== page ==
In the course of this work, Copeland met with KIPP DC, a public charter school with exemplary results in the District of Columbia. While she initially thought the meeting was about a loan for the organization, she discovered that KIPP was looking to hire its first chief financial officer (CFO) and director of real estate. The organization offered her the job.
“For them, the value-add was that I understood what it took to buy buildings and to renovate buildings—those types of intensive capital projects,” Copeland said. “How to finance these projects and minimize the drag on equity was really important to achieving the ultimate goals of expanding the academic programs and serving more students.”
Within two years, KIPP had grown so much that the CFO and real estate duties needed to be split up. Copeland, however, enjoyed a broader role, so she left KIPP and became a consultant to a group of private Catholic schools that were considering converting into public charter schools. The schools were delivering an excellent education to inner-city kids but were not financially sustainable and were facing closure. With her modeling skills and thorough knowledge of school financing, Copeland concluded that the charter conversion could work to preserve the core programs while alleviating financial pressures.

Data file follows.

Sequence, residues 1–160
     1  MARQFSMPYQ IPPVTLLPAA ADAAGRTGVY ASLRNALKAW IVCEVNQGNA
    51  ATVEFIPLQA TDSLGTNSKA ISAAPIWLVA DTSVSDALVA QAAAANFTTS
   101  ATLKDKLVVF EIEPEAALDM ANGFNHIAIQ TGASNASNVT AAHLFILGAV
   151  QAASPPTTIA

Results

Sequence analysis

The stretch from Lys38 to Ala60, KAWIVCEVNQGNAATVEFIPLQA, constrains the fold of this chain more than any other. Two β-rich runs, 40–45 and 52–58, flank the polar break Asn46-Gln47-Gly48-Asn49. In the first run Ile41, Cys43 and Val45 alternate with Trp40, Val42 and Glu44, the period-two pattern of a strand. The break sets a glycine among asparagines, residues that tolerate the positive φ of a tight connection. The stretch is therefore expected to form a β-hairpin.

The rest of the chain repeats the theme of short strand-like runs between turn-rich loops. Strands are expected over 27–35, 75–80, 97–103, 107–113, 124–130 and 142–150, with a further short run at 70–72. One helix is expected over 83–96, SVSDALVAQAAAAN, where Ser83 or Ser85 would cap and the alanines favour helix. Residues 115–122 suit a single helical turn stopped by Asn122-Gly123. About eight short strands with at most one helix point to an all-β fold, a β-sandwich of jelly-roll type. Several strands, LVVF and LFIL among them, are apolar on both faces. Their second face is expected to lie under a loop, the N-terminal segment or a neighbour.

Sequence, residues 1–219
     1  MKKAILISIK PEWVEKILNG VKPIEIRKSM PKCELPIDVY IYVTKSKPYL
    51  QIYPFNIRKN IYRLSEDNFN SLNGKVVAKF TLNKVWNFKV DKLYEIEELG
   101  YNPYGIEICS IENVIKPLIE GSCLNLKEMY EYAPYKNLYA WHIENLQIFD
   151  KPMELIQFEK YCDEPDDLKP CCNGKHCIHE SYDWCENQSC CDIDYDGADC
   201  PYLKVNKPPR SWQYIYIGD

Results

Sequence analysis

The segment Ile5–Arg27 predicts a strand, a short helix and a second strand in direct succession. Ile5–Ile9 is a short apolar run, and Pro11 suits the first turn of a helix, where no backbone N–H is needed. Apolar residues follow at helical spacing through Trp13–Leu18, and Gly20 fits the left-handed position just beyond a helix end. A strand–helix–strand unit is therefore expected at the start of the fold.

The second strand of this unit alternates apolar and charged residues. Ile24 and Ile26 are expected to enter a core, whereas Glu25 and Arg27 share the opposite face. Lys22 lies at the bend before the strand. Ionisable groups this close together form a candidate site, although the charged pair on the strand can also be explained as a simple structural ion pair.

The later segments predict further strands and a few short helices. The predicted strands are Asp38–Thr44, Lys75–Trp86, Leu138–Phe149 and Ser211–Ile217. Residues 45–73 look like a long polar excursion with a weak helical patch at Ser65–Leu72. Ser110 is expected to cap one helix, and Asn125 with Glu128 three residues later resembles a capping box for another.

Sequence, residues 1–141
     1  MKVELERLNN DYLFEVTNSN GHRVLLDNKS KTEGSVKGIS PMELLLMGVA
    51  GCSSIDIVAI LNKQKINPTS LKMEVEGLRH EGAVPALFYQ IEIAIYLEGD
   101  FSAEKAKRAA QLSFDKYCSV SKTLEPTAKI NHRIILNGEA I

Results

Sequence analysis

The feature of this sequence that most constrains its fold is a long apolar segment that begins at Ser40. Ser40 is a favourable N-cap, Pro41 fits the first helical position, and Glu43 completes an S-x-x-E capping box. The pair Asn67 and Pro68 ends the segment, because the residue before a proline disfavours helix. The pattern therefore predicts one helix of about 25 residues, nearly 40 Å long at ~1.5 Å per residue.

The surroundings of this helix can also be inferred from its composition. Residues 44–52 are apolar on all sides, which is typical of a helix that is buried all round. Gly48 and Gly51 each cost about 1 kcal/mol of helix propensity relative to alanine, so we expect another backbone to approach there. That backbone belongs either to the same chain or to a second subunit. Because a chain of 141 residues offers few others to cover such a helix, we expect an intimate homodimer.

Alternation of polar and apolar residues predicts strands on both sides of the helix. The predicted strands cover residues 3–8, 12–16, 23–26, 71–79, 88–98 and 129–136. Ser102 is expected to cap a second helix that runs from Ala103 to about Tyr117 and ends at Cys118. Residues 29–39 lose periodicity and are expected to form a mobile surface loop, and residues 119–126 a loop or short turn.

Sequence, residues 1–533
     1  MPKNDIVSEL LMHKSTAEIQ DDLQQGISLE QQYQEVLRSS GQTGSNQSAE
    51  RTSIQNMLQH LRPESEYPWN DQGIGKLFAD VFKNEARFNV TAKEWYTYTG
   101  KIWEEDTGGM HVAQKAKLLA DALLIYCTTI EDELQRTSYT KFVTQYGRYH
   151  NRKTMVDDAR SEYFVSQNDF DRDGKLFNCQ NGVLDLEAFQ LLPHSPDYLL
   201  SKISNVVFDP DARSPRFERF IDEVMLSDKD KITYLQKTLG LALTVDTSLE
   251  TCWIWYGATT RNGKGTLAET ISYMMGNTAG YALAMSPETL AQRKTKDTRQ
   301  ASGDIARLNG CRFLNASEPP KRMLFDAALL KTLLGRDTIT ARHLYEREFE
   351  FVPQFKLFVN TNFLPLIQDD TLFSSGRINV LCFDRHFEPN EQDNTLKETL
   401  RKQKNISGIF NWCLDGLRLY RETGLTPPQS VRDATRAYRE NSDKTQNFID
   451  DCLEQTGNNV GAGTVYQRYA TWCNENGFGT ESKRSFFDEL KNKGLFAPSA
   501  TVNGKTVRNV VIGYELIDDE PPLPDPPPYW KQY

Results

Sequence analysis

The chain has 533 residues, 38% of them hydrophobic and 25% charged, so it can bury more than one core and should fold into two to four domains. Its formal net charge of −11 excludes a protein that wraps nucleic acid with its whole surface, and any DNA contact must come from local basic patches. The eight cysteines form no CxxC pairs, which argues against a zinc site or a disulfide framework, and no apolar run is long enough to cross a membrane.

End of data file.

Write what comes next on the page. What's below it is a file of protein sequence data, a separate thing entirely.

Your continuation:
“I just felt like it was such a compelling situation,” Copeland said. “I was very optimistic that we could rally support from the church, the staff, the parents, and ultimately the students because it preserved the core components of the program while adding financial resources. I probably underestimated how hard it was going to be to address all the constituent concerns, but I learned along the way the critical importance of staying focused on the long-term vision of an excellent network of schools that were financially sustainable.”
Copeland and the rest of the team addressed parents’ and the staff’s concerns at a series of community presentations and mailings. They stressed that the school would maintain the same educational standards, the same discipline, the same sense of safety, and even the same uniforms; it just wouldn’t include religion classes, prayer, or Mass. In the end, the plan to convert the Catholic schools into Center City Public Charter Schools was approved by 94 percent of the parents and 98 percent of the staff, far exceeding the required two-thirds approval.